Caption: "The great Bartholdi statue, Liberty enlightening the world", Currier & Ives, 1885, Credit: Library of Congress
Image by: Library of Congress 
"The great Bartholdi statue, Liberty enlightening the world", Currier & Ives, 1885 

City Upon a Hill: American Exceptionalism

From: BackStory with the American History Guys
Series: BackStory with the American History Guys: Full Episodes
Length: 54:00

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This week on BackStory, the History Guys tackle the myth of the city upon a hill: American exceptionalism. They trace its origins in Alexis de Tocqueville and follow it through to the 2012 presidential election. Read the full description.

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Almost two centuries after Alexis de Tocqueville said that the U.S. was an exceptional case in the history of democratic societies, the idea of “American Exceptionalism” is alive and well. Almost every GOP candidate for president in 2012 has invoked the notion, each suggesting that President Obama doesn’t sufficiently embrace it. And so you might be surprised that, 90 years ago, American communists were Exceptionalism’s biggest fans.

From the Puritan vision of a "city upon a hill" to the 19th century concept of manifest destiny, from Woodrow Wilson’s vision of the U.S. as a worldwide model to Ronald Reagan’s invocation of the Puritans, this episode looks at the changing meanings of Exceptionalism, exploring what has influences Americans' perceptions of their difference - the sense that they have a special place in the world.

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Piece Description

Almost two centuries after Alexis de Tocqueville said that the U.S. was an exceptional case in the history of democratic societies, the idea of “American Exceptionalism” is alive and well. Almost every GOP candidate for president in 2012 has invoked the notion, each suggesting that President Obama doesn’t sufficiently embrace it. And so you might be surprised that, 90 years ago, American communists were Exceptionalism’s biggest fans.

From the Puritan vision of a "city upon a hill" to the 19th century concept of manifest destiny, from Woodrow Wilson’s vision of the U.S. as a worldwide model to Ronald Reagan’s invocation of the Puritans, this episode looks at the changing meanings of Exceptionalism, exploring what has influences Americans' perceptions of their difference - the sense that they have a special place in the world.

Timing and Cues

SENDER: VFH RADIO – CHARLOTTESVILLE, VA
RE: "BACKSTORY" RUNDOWN –AMERICAN EXCEPTIONALISM”
SHOW: BACKSTORY WITH THE AMERICAN HISTORY GUYS
HOSTS: BRIAN BALOGH, PETER ONUF, ED AYERS
TIME: 59:00

PRSS SHOW TITLE: BACKSTORYAMERICANEXCEPTIONALISM
BROADCAST WINDOW: 7/12/12-9/27/12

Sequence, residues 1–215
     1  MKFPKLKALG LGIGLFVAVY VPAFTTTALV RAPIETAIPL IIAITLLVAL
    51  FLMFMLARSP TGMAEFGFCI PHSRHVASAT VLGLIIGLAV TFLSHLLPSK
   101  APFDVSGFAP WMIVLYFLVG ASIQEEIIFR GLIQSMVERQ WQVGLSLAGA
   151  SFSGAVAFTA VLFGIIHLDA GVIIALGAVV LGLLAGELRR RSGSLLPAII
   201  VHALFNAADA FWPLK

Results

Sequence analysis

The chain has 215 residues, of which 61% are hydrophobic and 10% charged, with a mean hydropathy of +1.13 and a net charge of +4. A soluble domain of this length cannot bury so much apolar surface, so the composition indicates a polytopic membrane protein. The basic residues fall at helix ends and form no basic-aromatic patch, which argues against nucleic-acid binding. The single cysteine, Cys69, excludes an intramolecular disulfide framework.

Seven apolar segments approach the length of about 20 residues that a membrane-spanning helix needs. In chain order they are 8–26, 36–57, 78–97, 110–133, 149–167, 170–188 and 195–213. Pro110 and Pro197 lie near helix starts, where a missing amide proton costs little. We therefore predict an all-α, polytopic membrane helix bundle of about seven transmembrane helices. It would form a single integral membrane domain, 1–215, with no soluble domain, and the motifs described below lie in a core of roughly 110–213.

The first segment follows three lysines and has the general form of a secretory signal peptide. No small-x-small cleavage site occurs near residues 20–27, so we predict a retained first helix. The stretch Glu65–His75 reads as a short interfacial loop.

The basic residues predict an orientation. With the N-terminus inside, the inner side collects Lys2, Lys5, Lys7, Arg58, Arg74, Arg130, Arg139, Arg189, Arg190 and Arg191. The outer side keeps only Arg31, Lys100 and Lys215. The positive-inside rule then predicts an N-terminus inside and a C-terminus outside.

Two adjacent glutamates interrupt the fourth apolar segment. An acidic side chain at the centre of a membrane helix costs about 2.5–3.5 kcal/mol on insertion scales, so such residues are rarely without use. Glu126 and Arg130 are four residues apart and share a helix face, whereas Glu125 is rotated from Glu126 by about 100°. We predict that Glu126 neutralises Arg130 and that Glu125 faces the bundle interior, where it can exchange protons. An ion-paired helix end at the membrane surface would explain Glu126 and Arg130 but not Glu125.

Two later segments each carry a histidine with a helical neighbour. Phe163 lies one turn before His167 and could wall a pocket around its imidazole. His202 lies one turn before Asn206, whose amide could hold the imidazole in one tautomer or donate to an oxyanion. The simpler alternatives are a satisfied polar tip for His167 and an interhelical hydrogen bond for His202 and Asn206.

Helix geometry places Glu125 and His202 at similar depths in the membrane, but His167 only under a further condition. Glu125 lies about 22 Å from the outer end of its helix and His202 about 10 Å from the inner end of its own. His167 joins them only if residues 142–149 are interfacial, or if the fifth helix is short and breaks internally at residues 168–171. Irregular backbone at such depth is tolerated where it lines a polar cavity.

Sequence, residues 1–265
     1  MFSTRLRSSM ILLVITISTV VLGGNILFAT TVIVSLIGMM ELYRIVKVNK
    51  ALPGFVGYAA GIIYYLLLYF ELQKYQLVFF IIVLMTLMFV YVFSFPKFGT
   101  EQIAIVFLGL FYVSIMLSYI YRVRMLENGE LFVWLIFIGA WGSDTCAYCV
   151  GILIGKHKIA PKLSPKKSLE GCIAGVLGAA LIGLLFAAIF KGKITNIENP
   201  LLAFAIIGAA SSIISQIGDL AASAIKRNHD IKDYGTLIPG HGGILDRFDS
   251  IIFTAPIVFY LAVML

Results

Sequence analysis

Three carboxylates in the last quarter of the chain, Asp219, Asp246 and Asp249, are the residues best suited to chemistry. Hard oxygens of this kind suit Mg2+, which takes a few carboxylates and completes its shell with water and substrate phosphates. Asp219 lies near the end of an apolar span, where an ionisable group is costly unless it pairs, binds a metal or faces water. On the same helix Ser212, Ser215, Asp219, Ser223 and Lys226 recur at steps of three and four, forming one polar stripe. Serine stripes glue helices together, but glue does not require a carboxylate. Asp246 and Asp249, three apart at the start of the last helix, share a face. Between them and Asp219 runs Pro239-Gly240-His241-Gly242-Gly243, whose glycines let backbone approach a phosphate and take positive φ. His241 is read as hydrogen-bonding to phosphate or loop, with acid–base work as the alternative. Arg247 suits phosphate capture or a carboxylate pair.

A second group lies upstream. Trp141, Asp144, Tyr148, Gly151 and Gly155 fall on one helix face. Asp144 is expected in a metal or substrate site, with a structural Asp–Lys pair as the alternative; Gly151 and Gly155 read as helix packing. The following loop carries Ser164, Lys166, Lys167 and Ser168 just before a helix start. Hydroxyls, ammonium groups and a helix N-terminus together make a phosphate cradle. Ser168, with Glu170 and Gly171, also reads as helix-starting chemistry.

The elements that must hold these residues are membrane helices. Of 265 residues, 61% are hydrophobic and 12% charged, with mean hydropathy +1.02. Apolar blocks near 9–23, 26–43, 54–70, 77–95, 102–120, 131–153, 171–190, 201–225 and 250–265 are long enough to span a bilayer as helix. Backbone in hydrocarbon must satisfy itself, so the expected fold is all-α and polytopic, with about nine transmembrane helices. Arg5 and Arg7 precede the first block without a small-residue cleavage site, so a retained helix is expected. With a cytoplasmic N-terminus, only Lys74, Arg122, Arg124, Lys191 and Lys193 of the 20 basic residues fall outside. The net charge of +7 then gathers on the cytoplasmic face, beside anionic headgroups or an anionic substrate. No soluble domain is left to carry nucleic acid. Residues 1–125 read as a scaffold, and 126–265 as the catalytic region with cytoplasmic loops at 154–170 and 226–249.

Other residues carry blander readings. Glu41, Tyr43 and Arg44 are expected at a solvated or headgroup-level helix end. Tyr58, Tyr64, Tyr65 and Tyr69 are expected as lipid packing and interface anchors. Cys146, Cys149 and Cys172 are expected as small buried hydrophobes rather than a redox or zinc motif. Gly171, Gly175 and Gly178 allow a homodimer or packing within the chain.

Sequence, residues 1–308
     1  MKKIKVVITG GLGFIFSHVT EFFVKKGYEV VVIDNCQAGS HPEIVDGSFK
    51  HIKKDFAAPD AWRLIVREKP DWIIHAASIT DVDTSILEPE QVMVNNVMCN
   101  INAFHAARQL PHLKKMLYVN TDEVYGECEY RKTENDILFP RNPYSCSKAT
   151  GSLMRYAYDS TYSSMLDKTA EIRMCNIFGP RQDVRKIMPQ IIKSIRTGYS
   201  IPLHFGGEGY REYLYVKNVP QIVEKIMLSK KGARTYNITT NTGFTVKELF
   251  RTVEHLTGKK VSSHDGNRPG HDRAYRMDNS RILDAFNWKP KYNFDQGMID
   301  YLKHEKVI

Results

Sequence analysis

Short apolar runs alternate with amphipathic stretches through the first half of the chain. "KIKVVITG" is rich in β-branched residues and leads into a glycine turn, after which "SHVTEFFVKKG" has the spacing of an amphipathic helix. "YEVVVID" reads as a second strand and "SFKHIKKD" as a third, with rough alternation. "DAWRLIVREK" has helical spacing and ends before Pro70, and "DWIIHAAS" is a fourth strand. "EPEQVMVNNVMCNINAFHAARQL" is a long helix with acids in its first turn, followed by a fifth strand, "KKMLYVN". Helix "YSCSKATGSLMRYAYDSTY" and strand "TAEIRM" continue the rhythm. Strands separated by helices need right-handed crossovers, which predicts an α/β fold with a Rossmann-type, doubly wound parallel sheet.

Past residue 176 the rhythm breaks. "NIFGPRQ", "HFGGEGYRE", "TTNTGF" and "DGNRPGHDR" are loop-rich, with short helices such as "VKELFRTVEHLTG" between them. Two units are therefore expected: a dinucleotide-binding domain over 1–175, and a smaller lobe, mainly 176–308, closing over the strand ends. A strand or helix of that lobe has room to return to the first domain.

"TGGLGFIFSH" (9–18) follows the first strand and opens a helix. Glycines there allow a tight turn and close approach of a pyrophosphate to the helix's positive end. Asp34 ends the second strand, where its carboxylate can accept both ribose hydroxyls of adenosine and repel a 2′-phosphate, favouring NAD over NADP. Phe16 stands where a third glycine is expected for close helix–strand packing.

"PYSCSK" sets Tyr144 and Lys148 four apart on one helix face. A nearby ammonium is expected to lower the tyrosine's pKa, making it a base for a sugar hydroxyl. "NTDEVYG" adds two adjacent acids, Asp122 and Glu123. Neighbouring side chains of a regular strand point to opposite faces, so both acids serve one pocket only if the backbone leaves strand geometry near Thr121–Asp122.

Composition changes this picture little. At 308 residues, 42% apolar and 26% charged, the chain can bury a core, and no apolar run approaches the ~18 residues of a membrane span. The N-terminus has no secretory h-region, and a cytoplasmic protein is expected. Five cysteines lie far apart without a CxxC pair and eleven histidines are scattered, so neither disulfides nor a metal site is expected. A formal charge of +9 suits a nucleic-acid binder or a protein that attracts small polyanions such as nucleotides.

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SHOW RUNDOWN

06:00 – 19:00 SEG A
IC: Major support for BackStory is provided by the National Endowment for the Humanities.
OC: You’re listening to BackStory. And we’ll be back in a minute.

6:00 - 8:53 Running Themes
The History Guys take a look at how the 2012 presidential candidates have claimed American Exceptionalism as a campaign mantra.

8:54 – 15:37 Tracing It Back
Peter, Ed, and Brian riff on what Exceptionalism has meant through the centuries.

15:38-19:00 Invisible Cities
Peter talks with historian Mark Peterson about John Winthrop’s oft-misunderstood sermon, “A Modell [sic] of Christian Charity,” in which the phrase “a city upon a hill” was first used to describe the New World.

19:00 – 20:00 STATION BREAK 1 (MUSIC BED)

20:00 – 39:00 SEG B
IC: We’re back with BackStory…
OC: We’ll be back in a minute.

20:00 – 26:53 Invisible Cities Continued
Peter continues his conversation with historian Mark Peterson about John Winthrop’s oft-misunderstood sermon, “A Modell [sic] of Christian Charity.”
26:54 – 31:51 Seeing Red
and share a little-known story about that time Stalin coined the term “American Exceptionalism.”

32:52 – 39:00 Who or Where?
Brian chats with Paul Kramer about a late nineteenth century debate: Was America exceptional, or were Americans exceptional because they descended from England?

39:00 – 40:00 STATION BREAK 2 (MUSIC BED)

40:00 – 59:00 SEG C
IC: Welcome back to BackStory with the American History Guys…
OC: …at the Virginia Foundation for the Humanities

40:00 – 51:28 Listener Questions
The History Guys answer questions from listeners.

51:29 – 57:35 For Purple Mountain Tragedy?
Brian talks with Katherine Meizel about the song “America the Beautiful” and its unsung verses.

57:42 – 59:00 PRODUCTION/FUNDING CREDITS

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Contact: Producer, Tony Field (434) 924-8922, tfield@virginia.edu

Additional Credits

Virginia Foundation for the Humanities, National Endowment for the Humanities, The History Channel

Related Website

www.backstoryradio.org